Aviation Careers To Take Flight In Fort Wayne
Fort Wayne, IN, which boasts two
airports and several aviation-related companies, will soon have a
maintenance training program to fulfill the opportunities for those
who have an interest in the aviation industry.
This fall marks the opening of Ivy Tech Community College
Northeast's aviation maintenance technology program where students
will earn an associate degree and possibly FAA certification
following their degree, with an airframe rating and/or powerplant
"This program opens the doors for many opportunities," said
Program Chairman Bill Terhune.
According to Terhune, an associate degree in aviation
maintenance technology not only opens doors to the industry,
including airlines, corporate aircraft, and general aviation, but
also presents opportunities in the racing industry and as
quality-control inspectors in a variety of different industries,
including the petroleum industry.
"Because aviation mechanics are trained in a multitude of
mechanical aptitudes, they can apply those to many industries,"
Terhune said. "And others [in other industries] like aviation
mechanics because they are trained to be careful. If you have a
repair on an airplane, it has to be right. You can't pull over on a
cloud and take it back to be fixed."
"This degree transcends aviation," added Kim Pontius, executive
director of work force and economic development for Ivy Tech.
"There are so many fields they can work in outside of aviation,
including power-generator companies, elevator technicians, the GPS
fields - so many opportunities. This is so
The program will be offered to Ivy Tech students. Ivy Tech also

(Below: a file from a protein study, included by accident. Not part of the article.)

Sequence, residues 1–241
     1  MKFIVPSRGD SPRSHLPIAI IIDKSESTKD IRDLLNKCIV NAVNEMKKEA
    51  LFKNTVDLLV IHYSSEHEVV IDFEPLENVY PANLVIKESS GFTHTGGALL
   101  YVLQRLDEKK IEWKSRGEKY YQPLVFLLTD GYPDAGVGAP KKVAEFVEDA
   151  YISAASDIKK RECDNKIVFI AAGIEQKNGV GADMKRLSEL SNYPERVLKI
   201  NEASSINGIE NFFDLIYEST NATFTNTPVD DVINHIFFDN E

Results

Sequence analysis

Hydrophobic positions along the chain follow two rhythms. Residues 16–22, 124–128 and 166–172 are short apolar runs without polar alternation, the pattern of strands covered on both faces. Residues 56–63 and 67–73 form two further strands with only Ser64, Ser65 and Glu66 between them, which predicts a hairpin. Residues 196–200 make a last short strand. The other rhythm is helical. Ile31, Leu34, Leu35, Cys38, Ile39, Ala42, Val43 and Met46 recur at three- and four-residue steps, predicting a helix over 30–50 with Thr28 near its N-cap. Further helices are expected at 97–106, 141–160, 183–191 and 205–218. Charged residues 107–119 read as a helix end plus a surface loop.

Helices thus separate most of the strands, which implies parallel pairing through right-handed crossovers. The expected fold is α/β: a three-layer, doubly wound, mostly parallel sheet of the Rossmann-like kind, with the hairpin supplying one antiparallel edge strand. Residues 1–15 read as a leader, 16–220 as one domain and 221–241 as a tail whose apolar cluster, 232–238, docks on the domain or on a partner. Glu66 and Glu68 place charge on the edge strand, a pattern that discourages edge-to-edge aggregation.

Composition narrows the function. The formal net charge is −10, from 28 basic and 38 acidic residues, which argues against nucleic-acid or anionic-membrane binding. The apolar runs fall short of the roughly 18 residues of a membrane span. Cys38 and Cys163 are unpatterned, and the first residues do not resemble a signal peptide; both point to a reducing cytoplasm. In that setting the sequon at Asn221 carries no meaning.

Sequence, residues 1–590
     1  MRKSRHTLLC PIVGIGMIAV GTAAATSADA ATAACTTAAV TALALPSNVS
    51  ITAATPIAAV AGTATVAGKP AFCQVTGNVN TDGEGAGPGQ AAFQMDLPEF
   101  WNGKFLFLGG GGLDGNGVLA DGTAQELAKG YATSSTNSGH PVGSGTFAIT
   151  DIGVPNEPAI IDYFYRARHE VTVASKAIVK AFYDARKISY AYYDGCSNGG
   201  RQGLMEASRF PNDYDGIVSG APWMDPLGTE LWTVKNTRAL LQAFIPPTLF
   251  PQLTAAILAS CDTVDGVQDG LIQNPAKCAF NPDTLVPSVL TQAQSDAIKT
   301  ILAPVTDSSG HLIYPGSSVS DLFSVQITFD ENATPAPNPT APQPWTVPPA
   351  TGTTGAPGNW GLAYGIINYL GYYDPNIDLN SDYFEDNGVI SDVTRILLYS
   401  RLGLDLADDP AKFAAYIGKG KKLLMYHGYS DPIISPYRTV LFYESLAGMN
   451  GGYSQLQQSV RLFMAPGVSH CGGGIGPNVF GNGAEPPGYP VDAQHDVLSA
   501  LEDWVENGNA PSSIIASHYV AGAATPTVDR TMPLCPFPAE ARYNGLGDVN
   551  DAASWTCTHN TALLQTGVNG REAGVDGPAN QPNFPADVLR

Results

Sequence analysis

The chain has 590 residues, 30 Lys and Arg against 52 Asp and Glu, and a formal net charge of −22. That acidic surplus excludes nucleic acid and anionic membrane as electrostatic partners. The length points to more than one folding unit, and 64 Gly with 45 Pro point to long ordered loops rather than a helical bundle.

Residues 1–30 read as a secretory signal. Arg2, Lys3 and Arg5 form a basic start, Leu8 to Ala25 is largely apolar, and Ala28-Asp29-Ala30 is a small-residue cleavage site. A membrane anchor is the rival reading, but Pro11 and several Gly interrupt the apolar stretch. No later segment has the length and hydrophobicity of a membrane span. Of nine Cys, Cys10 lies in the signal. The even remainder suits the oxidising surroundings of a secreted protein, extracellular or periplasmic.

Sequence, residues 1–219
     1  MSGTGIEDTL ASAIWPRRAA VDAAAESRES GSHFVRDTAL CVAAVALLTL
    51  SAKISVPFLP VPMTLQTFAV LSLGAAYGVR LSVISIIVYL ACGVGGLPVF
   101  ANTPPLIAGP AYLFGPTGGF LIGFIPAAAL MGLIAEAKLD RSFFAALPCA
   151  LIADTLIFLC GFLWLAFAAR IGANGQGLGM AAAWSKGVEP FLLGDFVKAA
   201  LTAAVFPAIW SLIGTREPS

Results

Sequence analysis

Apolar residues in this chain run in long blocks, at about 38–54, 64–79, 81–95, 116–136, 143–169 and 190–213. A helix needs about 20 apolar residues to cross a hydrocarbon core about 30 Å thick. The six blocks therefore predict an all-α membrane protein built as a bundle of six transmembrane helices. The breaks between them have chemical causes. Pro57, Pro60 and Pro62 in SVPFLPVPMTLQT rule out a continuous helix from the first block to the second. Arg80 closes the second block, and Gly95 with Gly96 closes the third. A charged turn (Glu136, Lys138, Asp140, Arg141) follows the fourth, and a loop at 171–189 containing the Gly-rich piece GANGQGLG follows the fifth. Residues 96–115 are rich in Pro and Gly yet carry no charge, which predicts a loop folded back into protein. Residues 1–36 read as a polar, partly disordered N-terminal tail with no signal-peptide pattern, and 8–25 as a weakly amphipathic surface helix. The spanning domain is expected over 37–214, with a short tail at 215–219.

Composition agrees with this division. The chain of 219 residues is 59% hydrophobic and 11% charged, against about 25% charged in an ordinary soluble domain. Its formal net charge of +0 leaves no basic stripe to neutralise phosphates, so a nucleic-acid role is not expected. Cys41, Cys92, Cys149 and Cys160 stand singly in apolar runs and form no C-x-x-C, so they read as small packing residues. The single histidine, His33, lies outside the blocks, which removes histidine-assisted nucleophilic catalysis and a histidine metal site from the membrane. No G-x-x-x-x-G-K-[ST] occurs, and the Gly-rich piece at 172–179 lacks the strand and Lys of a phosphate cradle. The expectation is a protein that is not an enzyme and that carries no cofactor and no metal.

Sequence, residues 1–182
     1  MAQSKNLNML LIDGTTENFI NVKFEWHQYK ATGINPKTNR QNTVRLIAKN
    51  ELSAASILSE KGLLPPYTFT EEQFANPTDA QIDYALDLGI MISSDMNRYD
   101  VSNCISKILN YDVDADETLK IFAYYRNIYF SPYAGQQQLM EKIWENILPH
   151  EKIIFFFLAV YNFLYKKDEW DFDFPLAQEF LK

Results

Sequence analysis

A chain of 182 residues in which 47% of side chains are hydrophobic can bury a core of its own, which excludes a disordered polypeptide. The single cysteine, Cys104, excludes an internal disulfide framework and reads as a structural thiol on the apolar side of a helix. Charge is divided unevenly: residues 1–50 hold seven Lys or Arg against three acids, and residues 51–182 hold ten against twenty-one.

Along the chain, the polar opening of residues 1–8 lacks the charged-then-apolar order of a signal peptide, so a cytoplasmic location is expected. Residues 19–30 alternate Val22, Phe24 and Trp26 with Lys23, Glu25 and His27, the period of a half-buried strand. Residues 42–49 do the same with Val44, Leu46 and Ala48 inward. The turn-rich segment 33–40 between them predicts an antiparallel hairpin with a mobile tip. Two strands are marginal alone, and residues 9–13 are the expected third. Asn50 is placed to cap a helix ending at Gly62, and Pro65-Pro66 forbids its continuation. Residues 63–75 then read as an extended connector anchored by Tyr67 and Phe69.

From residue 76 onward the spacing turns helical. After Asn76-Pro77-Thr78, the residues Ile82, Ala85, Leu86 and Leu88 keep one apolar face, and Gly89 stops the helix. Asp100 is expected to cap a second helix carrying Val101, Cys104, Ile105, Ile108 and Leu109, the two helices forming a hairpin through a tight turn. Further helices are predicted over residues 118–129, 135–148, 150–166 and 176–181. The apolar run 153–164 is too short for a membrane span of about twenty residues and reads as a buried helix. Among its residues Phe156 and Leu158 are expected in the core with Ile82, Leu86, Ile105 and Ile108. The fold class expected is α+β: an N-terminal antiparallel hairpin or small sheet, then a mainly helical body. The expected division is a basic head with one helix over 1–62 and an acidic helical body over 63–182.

offers a collaborative program with Anthis Career Center, in which
high-school juniors and seniors from Fort Wayne Community Schools
receive dual credit while enrolled.
Ivy Tech is also working with Purdue University so that Ivy Tech
students can transition into Purdue's aviation programs.
For students who want to start in the field upon receiving their
associate degrees, the job possibilities are plentiful, Pontius
said. And the program is already proving popular.
Pontius added that it's not just students who are excited, but
local industries, too, that will employ the new crop of
"We've had a lot of interest from airports who want information
on our program, but also companies are asking about it because
they're interested in people coming through the program."
The aviation maintenance technician program will be operated out
of Smith Field Airport, where Ivy Tech is constructing a
10,000-square-foot facility. A larger facility is planned for the
future - up to four times the size of the building under
construction, Pontius said.
The fall program will begin with the powerplant portion of the
training, Terhune said, with class beginning August 20.